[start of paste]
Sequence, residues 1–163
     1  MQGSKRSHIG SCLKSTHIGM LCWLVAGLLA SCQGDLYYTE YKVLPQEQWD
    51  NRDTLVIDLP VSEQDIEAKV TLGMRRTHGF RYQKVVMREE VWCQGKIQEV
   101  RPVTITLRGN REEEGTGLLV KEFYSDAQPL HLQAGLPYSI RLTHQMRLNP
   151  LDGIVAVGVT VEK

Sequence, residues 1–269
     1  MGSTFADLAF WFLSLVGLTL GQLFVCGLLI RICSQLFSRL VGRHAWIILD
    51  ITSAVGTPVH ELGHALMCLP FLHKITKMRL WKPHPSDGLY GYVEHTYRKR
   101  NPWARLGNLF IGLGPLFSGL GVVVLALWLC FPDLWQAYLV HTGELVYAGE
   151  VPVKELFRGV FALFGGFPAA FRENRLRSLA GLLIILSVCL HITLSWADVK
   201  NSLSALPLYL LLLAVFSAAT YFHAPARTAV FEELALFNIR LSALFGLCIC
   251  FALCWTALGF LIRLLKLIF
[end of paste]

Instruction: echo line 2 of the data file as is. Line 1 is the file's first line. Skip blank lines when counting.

     1  MQGSKRSHIG SCLKSTHIGM LCWLVAGLLA SCQGDLYYTE YKVLPQEQWD